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The diary that proves Anthony Seldon wrong about the first world war and the public schools

12 April 2014

9:00 AM

12 April 2014

9:00 AM

In March 1915 the 27th Earl of Crawford and Balcarres, with an already distinguished political career behind him, took the unorthodox step of enlisting, aged 43, as a private in the Royal Army Medical Corps. In 1916 he returned to England from France to take up important government duties, but for 14 months he had been a medical orderly on the Western Front, the only cabinet minister to serve in the ranks in the first world war. He was based at the casualty clearing station at Hazebrouck, close to the principal areas of British military activity in 1915. He kept a diary throughout this time — now admirably edited by his cousin Christopher Arnander — giving a unique close-up view of the great war though the eyes of a shrewd participant.

The popular image of nursing volunteers as enchanting angels of mercy gets a battering. Crawford found them competent but bossy and inconsiderate: ‘They ate chocolate all over the operating table and dropped cherry stones on the floor. I always thought it was an unpardonable offence to bring food into a theatre.’ Worse still was their use of precious supplies of milk to wash the leaves of hospital plants.

Most interesting are Crawford’s observations about the new officers in the British army who had enlisted in the first months of the war and nearly all of whom would have been from public schools. His observations cast doubt on the much vaunted claims by the public schools to have taught their pupils lessons of unselfishness, dedication and decent behaviour: some may have benefited, many, clearly did not. As Crawford writes:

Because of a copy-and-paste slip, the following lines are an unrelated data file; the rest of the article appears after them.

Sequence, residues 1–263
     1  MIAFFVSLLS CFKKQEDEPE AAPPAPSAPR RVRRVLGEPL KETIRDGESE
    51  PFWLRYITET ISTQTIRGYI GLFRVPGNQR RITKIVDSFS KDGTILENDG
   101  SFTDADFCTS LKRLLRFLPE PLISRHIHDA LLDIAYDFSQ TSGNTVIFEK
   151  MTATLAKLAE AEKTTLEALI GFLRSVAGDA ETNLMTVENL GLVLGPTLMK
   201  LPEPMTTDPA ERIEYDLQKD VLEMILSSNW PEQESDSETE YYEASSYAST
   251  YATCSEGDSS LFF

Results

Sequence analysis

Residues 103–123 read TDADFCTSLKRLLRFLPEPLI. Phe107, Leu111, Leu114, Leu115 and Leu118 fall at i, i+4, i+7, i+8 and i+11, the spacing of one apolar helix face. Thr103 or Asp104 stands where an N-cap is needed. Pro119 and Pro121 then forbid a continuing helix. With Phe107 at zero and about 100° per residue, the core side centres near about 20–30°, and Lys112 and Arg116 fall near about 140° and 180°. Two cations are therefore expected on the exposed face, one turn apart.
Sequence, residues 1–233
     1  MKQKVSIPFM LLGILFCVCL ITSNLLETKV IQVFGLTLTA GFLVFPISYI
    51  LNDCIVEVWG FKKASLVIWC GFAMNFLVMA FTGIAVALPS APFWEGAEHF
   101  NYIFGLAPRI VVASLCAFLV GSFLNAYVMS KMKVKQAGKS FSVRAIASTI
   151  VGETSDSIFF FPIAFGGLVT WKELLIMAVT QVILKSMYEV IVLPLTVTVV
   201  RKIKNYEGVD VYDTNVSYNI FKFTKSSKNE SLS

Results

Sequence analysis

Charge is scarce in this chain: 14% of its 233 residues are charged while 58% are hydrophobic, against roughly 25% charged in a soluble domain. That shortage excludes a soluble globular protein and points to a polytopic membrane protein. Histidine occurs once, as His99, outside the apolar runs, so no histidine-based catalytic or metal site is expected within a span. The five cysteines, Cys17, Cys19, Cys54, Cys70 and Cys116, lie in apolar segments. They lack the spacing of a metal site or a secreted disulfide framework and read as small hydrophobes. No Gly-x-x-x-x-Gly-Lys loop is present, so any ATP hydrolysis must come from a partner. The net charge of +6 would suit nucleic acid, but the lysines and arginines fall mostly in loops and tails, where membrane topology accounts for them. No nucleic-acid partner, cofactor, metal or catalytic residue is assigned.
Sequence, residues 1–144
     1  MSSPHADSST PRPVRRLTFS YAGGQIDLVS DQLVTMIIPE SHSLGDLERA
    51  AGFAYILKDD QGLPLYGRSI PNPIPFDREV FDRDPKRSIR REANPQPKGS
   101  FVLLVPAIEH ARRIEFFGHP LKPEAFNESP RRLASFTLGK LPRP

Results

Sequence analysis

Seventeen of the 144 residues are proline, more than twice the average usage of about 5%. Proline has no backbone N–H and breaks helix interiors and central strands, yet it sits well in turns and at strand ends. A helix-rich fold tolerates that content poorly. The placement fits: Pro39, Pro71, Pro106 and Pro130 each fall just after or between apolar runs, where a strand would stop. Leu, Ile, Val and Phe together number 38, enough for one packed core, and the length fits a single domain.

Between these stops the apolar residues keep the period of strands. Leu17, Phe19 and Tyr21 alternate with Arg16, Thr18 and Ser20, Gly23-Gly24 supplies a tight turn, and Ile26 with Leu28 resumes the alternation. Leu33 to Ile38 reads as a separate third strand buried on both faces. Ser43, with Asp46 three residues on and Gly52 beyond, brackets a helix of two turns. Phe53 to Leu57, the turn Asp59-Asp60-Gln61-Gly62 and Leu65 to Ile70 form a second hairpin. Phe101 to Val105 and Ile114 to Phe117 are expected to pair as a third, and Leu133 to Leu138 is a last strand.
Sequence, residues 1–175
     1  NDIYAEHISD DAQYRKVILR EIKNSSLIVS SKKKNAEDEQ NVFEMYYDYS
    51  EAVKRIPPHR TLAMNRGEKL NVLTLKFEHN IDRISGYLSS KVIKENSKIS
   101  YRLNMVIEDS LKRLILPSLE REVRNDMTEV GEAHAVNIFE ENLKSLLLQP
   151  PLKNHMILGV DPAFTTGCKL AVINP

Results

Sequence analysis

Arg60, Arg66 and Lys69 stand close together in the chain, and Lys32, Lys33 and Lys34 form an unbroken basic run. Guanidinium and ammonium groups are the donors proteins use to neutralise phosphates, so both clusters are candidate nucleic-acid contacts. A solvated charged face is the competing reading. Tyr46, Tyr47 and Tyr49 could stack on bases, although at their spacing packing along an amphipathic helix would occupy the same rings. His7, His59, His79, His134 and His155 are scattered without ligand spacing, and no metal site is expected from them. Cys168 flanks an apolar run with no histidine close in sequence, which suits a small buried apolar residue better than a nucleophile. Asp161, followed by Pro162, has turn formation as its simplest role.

How disagreeable some officers are. They talk chiefly about their billets and personal grievances. One never hears a word about the men of the army.… The officer of old standing is much more modest in his manner.

Few of those whom Crawford encountered could speak a word of elementary French and, as soldiers, most seemed amateurs compared with the wounded enemy officer prisoners who passed through the hospital.


After several months, Crawford observed:

This war is going to be won by the NCOs and men, not by the commissioned ranks. Eighteen months will develop a good soldier, a very passable NCO. But the period is too short to instil even the elements of leadership and control into the ordinary middle-class fellows who hold the commissions. And moreover I come across hundreds who have neither the character nor the decision to be competent officers even if they had 20 years training— the flabby, easy-going temperament of young men brought up in affluence, with never a struggle or effort to their credit — men for whom everything has been done in the past, and consequently find themselves helpless to act in the modern conditions of war. It is all too pitiful, too tragic.

Crawford concluded: